Move to Slackware

I have been a Mandrake/Mandriva user since 2000 or so. It has been my only system since 2002 on my desktop.

I have been very pleased with how smoothly things have gone. Of course this is helped by my friends at the Pensacola Linux Users Group. I have been in their IRC channel to get help on a few of the technical issues.

Someone asked why I chose Slackware. Really that was not as important as why move from Mandriva. I was getting frustrated with Mandriva. It used to be a very mainstream distro of Linux. Every time you went to install software you were able to download a Mandriva specific RPM and install it. But, those days are gone. When Mandrake merged with Conectiva, things tanked quickly. The community love towards Mandrake seemed to change.

Mandrake was always flaky (for me) on the package management. Sometimes urpmi would work. Sometimes not. Keeping my sources up to date seemed to be more trouble than it was worth. Early on I religiously used only packages in the sources. This made sure everything was tracked by the package manager. But then there was always a piece of software I wanted that was not in the repositories. So I would either have to wait, install an old version, or install and hope that I did not hose anything. I got more and more lax on that the last couple of years. Things also got less and less stable.

I have been upgrading the OS on this hard drive since 2002 without ever really wiping it and installing fresh. That is a definite death knell in Windows. Should not matter in Linux unless the distribution providers move the locations of important files from one version to the next. Well…Mandrake and Mandriva have not stayed consistent.

So, why then did I move to Slackware? Here are just a few of the reasons. The biggest is that I am a fan of KDE. Slackware pushes KDE as it’s desktop environment. Many of the really popular distros at the moment use GNOME. While GNOME has improved greatly over the last several years, so has KDE. I am familiar with KDE and there are just a few niggly things about GNOME that I have trouble working around. Though, I have to admit I have run it on my notebook recently and it is a very good desktop environment. I could get used to it. I just don’t chose to.

The second reason is that Slackware seems to hold to more of a standard way of doing things. When you go looking for help online you will find a default way of configuring and setting up software. Then there will be an endless list of “If you are using this distro, then do this. And this distro do this.” With Slackware it seems to follow the default more often. To me, that means I can more easily get help on line. This is another area where Mandriva seemed be be getting left behind. They do things in less standard ways. And, with the community ignoring them more, you get less personalized Mandriva help.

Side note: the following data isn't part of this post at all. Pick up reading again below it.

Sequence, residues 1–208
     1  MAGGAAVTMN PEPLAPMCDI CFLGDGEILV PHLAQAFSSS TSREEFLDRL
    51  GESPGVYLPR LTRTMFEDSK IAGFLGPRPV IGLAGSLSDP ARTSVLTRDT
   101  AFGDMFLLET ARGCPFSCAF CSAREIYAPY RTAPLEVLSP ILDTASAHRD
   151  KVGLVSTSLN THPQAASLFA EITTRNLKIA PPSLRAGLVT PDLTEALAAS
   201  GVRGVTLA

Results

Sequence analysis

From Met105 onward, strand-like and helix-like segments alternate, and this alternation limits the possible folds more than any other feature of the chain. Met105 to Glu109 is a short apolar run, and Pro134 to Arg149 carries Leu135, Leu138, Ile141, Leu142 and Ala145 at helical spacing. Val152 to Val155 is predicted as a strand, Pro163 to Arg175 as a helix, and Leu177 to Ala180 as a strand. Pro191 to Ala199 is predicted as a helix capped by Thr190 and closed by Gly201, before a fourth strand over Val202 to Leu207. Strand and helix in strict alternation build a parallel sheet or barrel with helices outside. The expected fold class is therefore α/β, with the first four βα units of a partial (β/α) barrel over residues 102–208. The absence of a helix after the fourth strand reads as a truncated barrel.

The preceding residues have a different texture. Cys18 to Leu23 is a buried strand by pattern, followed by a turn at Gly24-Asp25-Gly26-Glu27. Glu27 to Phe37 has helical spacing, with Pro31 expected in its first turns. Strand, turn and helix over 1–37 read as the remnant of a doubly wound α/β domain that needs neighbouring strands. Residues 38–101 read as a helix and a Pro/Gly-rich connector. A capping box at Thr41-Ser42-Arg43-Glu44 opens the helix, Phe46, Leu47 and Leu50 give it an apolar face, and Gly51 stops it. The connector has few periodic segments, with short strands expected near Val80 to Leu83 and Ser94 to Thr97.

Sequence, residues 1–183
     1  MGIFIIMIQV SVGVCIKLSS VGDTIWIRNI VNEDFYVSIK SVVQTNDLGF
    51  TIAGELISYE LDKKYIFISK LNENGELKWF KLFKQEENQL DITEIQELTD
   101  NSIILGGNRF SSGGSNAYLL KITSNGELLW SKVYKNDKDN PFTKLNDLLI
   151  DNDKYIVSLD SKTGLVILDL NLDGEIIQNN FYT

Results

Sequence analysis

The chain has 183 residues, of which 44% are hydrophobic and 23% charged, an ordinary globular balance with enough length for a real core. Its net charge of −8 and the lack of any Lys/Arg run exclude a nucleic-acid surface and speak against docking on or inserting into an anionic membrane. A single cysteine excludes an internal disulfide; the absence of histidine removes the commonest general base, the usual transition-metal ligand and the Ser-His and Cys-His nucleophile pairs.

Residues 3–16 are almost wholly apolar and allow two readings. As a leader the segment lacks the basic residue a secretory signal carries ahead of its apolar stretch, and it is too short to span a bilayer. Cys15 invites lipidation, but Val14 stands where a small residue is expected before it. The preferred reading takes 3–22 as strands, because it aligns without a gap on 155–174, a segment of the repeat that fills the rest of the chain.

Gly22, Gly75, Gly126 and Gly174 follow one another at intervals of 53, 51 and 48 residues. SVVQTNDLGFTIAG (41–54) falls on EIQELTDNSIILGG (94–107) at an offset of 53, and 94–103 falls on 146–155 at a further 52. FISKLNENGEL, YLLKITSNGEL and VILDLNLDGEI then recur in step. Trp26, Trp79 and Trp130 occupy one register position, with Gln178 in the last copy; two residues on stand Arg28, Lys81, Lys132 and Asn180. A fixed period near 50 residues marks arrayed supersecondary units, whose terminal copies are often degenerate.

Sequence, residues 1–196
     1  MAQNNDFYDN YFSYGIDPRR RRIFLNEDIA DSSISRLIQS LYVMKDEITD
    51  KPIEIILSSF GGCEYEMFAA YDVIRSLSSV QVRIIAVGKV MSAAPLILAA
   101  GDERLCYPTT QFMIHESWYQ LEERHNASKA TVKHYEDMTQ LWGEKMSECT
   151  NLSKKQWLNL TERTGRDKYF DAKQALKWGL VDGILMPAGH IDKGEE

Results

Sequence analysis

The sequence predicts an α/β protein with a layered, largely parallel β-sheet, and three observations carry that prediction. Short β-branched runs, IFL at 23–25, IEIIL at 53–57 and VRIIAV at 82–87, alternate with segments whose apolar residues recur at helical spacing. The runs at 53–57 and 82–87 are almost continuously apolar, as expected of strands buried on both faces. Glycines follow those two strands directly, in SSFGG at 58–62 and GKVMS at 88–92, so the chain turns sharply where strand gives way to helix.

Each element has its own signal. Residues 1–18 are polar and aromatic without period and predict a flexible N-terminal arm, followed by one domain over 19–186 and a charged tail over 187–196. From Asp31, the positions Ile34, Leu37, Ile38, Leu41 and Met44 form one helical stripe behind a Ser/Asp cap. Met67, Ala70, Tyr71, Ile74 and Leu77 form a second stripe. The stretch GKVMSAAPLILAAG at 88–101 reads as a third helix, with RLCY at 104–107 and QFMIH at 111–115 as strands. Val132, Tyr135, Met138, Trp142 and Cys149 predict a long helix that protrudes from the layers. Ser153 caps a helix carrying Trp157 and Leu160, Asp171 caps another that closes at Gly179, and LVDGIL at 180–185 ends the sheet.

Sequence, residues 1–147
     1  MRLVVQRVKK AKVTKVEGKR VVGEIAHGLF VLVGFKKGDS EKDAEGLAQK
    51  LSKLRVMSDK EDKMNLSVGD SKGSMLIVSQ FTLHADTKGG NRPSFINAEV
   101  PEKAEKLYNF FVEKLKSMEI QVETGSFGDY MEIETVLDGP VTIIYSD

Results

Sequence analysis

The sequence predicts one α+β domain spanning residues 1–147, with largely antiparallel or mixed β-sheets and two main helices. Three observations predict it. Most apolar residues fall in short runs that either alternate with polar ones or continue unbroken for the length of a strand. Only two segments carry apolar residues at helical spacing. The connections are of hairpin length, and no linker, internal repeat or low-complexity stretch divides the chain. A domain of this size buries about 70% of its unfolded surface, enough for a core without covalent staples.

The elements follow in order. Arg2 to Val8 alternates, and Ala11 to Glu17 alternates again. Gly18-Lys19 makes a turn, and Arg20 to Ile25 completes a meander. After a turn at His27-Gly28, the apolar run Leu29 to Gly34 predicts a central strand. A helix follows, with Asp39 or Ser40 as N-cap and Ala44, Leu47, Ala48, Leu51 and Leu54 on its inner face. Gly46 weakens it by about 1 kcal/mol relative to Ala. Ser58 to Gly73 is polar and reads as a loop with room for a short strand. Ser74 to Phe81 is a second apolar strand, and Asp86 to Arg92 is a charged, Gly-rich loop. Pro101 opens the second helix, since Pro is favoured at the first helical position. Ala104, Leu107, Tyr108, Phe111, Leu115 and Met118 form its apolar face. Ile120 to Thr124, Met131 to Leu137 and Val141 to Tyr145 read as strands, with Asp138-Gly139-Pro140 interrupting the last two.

Finally, and this is probably the biggest, I have several friends in the LUG that use it. I have been playing with it off and on for well over a year through either dual boot or on my 20th century notebook that I bought used last year. It has been pretty good to me. And with colleague help, that makes it much better for me. I ran Linux alone from 1997 to 2000. When I fell in with the P’cola LUG, that helped define my distro choices. For a while several of us were running Mandrake. I was finally the last man standing. Though there are very strong opinions as to which distro each member believes is the best, there are several Slackware devotees.

I have played with Ubuntu and really like it. But, it comes with GNOME. KUbuntu was so awful when I last used it, I swore off of it. I have used Gentoo in the past, but only for more of an embedded type environment. I don’t think I could stand it for desktop use. Suse was an option, but I feel they are too much like Mandriva. Though they currently have more community love going their direction. Fedora Core is not an option. I swore off of Red Hat (Fedora Core’s roots) at version 9. Though I never liked it going back to the days when Red Hat 2.something was popular. I kept trying it each new version until they hit 9 and that was the last of the jankyness I could take.

So, there we are. The move from Mandriva to Slackware and the why behind it. I must say, I have been using Slackware for about 24 hours and I have yet to have a program crash. Firefox in Mandriva would crash every few hours on me. With certain games the whole system would go down. I have yet to get the games installed, but that should happen later tonight. We shall see.

4 thoughts on “Move to Slackware”

  1. I had Ubuntu on a machine and liked it, but needed to give my mom a Windows system. I now have a Windows machine that could be made Linux, but I need a good Linux compatible Wireless adapter… any ideas or know a nerdy type that you could ask.

  2. From my understanding, just about anything with the Prism, Orinoco and Atheros chipsets should have full support. Unfortunately, this sometimes comes down to the implementation. And one version of a card might work, where the same model, different version does not.

    Here is a list of cards that work with a particular driver. As you can see it is pretty comprehensive.

    The best bet is to find a card you are interested in and then search around to see what others say about it in Linux. And remember that while one distro will automatically recognize and configure a card, the next distro may not. Ubuntu and Kubuntu are examples of that. Just recently I was in on a discussion where the person had their card configured automatically with Ubuntu, but could not tweak Kubuntu enough to make it work.

  3. I don’t know what you are talking about on this posting. I think it must be greek, because I know its not Spanish. I can understand one or two words of Spanish, and I didn’t understand not a single word.

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